Nursing Care Plan for Influenza

Pathophysiology

Influenza, commonly known as “the flu”, is an infectious disease caused by an influenza virus. Influenza is spread by droplets in the air or by transferring droplets from surfaces to mucus membranes (like the eyes, nose, mouth, and throat). Therefore, its primary symptoms are respiratory or systemic in nature. Occasionally it can cause gastroenteritis with vomiting – commonly known as the “stomach flu”.

Etiology

There are multiple strains of the influenza virus affecting both humans (A, B, and C) and animals (swine, avian).

Desired Outcome

To prevent respiratory distress and support symptoms so the patient can return to baseline level of health.

Influenza Nursing Care Plan

Subjective Data:

  • Shortness of breath
  • Fatigue
  • Muscle aches
  • Headache
  • Reports cough, runny nose, sore throat
  • Reports sudden onset
  • Reports vomiting

Objective Data:

  • High fever (102-104°F)
  • Productive cough
  • Vomiting
  • Positive flu swab

Nursing Interventions and Rationales

  1. Screen patients for vaccine necessity and administer as appropriate

    • No contraindications
    • Provide VIS sheet
    • Document if received or declined
    • The best method for managing influenza is to prevent it in the first place. The flu vaccine is the best method to prevent the flu.
    • Ensure they meet indications and have no contraindications (allergy to eggs or latex, history of Guillain-Barre, recent bone marrow or organ transplant) to avoid complications.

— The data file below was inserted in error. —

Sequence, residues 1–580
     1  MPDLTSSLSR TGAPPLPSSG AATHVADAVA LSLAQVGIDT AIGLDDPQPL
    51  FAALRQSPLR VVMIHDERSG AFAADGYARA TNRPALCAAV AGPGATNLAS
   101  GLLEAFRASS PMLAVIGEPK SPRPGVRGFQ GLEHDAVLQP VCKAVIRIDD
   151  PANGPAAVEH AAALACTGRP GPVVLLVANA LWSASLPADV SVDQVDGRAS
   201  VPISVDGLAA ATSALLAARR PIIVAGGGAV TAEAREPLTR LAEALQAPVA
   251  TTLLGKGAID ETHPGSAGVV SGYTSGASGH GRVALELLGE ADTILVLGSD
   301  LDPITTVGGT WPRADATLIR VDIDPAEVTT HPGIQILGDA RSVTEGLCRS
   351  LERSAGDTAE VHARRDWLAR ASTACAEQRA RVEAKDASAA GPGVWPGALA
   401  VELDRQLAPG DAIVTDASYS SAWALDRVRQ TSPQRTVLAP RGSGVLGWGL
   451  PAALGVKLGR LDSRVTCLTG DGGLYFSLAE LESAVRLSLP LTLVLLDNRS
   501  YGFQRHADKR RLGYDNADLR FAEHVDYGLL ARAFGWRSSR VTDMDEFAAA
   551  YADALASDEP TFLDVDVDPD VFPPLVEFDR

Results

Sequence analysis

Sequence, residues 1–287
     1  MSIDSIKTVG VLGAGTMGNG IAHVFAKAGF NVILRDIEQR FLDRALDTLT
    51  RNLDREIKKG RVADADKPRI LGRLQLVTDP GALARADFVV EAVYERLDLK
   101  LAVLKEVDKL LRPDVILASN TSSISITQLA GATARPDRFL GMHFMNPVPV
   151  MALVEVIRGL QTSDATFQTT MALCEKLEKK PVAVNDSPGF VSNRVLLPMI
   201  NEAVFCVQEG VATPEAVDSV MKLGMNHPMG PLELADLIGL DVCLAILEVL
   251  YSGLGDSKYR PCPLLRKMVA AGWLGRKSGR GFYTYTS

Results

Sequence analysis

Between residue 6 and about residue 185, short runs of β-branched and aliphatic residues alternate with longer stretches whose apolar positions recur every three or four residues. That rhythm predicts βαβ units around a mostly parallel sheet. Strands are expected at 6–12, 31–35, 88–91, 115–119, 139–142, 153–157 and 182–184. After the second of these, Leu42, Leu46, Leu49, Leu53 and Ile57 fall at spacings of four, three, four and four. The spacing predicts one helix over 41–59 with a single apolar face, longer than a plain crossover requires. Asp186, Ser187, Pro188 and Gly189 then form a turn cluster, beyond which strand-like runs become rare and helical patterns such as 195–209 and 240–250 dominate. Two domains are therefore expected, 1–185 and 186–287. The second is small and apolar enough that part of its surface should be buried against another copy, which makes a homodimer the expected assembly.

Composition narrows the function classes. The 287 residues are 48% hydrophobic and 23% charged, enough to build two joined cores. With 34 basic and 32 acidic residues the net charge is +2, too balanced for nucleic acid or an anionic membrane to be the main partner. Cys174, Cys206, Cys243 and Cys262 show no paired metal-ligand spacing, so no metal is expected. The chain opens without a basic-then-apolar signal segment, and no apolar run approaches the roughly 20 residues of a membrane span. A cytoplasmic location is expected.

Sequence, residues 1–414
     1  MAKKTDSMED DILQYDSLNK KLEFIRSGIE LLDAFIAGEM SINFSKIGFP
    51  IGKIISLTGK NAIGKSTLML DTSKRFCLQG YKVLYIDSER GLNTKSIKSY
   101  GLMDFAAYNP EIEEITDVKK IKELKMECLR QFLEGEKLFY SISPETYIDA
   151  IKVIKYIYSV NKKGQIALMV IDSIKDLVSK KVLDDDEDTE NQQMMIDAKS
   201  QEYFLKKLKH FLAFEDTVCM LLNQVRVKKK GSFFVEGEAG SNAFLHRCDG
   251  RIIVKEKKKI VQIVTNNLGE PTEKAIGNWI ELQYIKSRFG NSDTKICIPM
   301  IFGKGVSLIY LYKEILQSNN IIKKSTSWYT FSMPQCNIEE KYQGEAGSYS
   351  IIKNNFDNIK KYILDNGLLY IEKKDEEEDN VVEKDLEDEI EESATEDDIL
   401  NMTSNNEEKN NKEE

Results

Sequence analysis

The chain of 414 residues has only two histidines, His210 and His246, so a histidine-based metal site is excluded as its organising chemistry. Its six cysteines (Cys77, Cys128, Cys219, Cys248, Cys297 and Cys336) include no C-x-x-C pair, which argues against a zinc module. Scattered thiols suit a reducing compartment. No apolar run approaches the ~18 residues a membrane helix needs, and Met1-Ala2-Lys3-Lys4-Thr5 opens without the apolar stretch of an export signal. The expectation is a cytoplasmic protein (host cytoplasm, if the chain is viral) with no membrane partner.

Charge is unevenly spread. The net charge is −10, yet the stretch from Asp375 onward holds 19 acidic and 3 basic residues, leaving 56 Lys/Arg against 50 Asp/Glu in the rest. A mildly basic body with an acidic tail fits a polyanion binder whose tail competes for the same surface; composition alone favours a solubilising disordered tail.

• Always educate the patient on the possible side effects (injection site pain, runny nose) and provide the VIS sheet so they can read it.
    • Always document the details of the vaccine (lot number, expiration, etc.). OR document if they declined.

  2. Maintain droplet precautions if hospitalized

  3. Influenza is spread via droplets. Should wear gloves and a simple mask and use good hand hygiene

  4. Assess lung sounds

  5. Influenza primarily affects the respiratory system. Monitor for any changes in lung sounds that might indicate decompensation.

  6. Monitor oxygenation and give supplemental O2 as needed

  7. Influenza primarily affects the respiratory system. Patients may struggle to oxygenate appropriately because of mucus buildup. Support oxygenation as appropriate (caution in COPD patients).

  8. Monitor for signs of sepsis or septic shock (increasing fever, decreasing blood pressure)

  9. Influenza can escalate quickly, especially in immunocompromised patients. Monitor vital signs frequently to detect and signs of sepsis. Catching it early can improve outcomes

  10. Encourage nutrition – small, frequent meals if needed – or nutrient dense options

  11. Patients may lose their appetite or be too fatigued to eat. Proper nutrition can promote faster healing. It’s important to encourage them to eat, even if small meals.

    Nutrient dense options like Boost shakes or Magic Cups can provide more protein in a smaller amount

  12. Administer IV fluids and/or encourage PO intake

  13. Because of the high fever and poor PO intake, patients can often get dehydrated. Providers may order maintenance IV fluids. If not, encourage PO intake of fluids to maintain proper hydration.

  14. Educate patient and family on prevention of spread

    • Hand-hygiene
    • Cover cough
    • Don’t touch eyes, nose, mouth
    • Avoid public gatherings if symptomatic
  15. Influenza is highly contagious. Preventing the spread to other patients is the purpose of our droplet precautions. However, it is important to educate the patient and family so that friends and family members don’t contract the flu or spread it to others.

    Hand hygiene is the #1 way to prevent spread of influenza.

  16. Administer antivirals as ordered

  17. Oseltamivir (Tamiflu) is most effective when given within 48 hours of onset of symptoms. Educate patients on possible side effects.


References

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